Magazine Article | May 1, 2001

Wireless For The Long Haul

Source: Field Technologies Magazine

We've all heard the wireless doubts...the pitfalls, the hesitancies. Despite this, industry professionals agree - wireless technology is here to stay and will change business as we know it.

Integrated Solutions, May 2001

They were not just phases or fads. In fact, the cell phone revolutionized the way we communicate. And the Internet revolutionized the way we get information, products, and services. Now, contrary to the belief that today's solutions have too many pitfalls, industry professionals believe our next leap forward will be wireless connectivity. Sure, wireless is not completely ubiquitous. There are still pockets around the United States that don't have wireless data coverage. But industry professionals believe the technology and devices will evolve and business as usual will change. "The market will grow by leaps and bounds over the next few years," explains Trilok Manocha, CEO and president of River Run Software Group (Stamford, CT), "to the point that these solutions will become the standard way of doing business for companies with mobile workers."

Add Checks And Balances, Increase Productivity
Enterprises everywhere are trying to obtain a tighter grasp on the workforce. They're trying to improve efficiencies and reduce costs within the supply chain. But let's face it, field employees leave in the morning and come back at the end of the day. And that's as close as many employers come to checks and balances. However, wireless solutions are changing that. "Newer offerings will enable wireless e-mail and PIM (Prodigy instant messaging) synchronization to an organization's existing groupware systems," adds Manocha. "These are necessary first steps. The real value will occur when wireless solutions can combine information from multiple sources, such as companies' intranet sites, legacy systems, and business logic."

Today, wireless technology can allow the entire enterprise to communicate with the mobile workforce, thereby increasing productivity. "IBM and Sears field technicians have been using wireless devices to get dispatched, do parts queries in the field, and send status information back to the enterprise," explains Manocha. "The significant change occurring in field service is that technology is making wireless solutions affordable for small- and medium-sized companies." In the transportation space, a long-haul trucker can deliver a load in California and using wireless technology, find the next load that he wants to bring back with him to Arkansas. "Enterprises need their people to have access to the latest information and in many cases, they want changed information to be pushed to their users," adds Manocha. "Furthermore, organizations want the mobile solutions to be intelligent in the sense that they eliminate potential mistakes by the mobile workers." Despite this, most agree we're in an early-adopter stage of our leap toward wireless technology.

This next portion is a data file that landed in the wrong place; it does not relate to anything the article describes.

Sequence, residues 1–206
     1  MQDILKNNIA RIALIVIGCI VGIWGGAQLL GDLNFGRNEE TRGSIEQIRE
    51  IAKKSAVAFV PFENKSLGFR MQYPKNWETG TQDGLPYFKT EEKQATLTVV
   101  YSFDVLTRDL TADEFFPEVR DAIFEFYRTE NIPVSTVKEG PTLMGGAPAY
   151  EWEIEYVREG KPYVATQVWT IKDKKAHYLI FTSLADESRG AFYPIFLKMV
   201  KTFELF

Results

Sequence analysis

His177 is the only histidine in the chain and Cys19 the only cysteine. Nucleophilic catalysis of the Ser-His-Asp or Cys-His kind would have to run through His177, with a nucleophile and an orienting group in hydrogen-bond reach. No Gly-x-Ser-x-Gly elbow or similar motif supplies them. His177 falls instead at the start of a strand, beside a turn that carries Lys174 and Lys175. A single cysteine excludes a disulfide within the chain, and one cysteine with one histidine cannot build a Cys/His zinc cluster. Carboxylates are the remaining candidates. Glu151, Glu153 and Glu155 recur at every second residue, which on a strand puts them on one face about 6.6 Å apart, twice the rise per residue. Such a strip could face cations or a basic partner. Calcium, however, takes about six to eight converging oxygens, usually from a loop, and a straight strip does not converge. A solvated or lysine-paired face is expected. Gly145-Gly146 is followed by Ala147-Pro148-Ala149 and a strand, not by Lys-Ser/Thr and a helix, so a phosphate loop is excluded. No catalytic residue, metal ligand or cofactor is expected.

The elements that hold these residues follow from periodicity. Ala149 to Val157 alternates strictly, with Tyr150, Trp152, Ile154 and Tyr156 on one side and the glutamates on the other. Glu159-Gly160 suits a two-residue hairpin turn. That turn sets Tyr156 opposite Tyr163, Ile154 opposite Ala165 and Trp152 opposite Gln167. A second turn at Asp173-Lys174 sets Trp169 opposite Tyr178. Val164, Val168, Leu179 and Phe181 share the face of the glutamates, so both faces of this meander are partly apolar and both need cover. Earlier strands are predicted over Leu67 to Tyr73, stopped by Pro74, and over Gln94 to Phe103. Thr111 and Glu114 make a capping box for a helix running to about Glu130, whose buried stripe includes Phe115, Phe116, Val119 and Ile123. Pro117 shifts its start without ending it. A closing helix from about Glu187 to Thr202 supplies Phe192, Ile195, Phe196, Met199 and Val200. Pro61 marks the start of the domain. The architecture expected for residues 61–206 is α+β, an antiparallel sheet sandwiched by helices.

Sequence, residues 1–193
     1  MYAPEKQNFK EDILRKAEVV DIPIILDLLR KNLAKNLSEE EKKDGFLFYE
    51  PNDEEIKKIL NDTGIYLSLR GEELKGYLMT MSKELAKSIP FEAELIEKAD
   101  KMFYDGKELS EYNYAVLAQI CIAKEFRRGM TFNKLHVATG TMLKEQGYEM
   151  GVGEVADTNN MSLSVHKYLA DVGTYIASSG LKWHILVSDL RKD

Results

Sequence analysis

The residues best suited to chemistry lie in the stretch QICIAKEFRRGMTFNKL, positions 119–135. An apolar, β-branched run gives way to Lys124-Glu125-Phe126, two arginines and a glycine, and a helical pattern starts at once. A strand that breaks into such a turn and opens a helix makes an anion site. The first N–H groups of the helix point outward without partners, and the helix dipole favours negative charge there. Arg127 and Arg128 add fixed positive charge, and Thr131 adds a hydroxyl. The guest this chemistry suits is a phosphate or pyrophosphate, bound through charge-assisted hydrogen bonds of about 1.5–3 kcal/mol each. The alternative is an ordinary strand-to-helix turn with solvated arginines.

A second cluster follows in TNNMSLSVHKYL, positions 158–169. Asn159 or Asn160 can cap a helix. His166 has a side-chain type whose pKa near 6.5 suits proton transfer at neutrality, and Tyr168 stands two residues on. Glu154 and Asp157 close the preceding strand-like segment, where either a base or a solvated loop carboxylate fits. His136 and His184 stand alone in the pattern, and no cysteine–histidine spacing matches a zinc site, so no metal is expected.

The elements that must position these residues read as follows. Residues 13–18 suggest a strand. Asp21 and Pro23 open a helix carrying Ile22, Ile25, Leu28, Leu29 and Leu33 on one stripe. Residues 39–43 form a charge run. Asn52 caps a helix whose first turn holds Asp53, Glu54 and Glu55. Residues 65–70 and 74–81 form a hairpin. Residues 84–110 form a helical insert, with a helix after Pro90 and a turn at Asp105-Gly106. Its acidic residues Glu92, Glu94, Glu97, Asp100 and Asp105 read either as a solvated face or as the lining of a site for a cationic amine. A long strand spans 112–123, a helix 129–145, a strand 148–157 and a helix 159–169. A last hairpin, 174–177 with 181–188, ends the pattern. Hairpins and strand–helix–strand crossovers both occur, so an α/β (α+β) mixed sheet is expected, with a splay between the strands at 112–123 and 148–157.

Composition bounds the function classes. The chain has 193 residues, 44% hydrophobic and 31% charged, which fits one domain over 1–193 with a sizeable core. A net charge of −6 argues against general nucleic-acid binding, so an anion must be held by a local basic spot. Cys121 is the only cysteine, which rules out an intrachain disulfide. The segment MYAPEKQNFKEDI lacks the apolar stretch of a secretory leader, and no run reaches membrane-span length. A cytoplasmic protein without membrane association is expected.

Follow The Leader, Make An Investment
Initially companies will have to make an investment. They will have to put in the infrastructure to take this leap forward. And because of this, there has been hesitancy in certain market segments. "We have seen companies hold off on wireless implementations," says Manocha. "This is usually the result of ignorance or fear of attempting something new." But in marketplaces where leaders have stepped up and proven wireless technology is advantageous, these doubts are quickly dwindling. "For example, in the LTL (less than truckload) marketplace there is a company called NewPenn," explains Erik Bleyl, VP of transportation logistics at Aether Systems (Owings Mills, MD). "NewPenn became the standard in trucking when it automated its full distribution line so that it could track pallets and shipments. Other companies are now looking at NewPenn and saying, 'Wow, their efficiencies are 10% to 20% better than anyone.'" In the packaged delivery space there are companies such as FedEx and UPS doing the same thing. "They've gone to delivery automation to help reduce not only internal operating costs, but also shrinkage," adds Bleyl. "With tracking, these companies can see how much product was returned, what wasn't delivered, etc."

While in these markets competitive advantage is the driving force behind most implementations, ROI (return on investment) may come in various forms explains Bleyl. "We have a customer where ROI came in the form of a reduced time/money loss. Manocha says, "We have seen payback in six to nine months, which is longer than most fads. This is proof that wireless technology is here for the long haul."

Questions about this article? E-mail the author at StacyM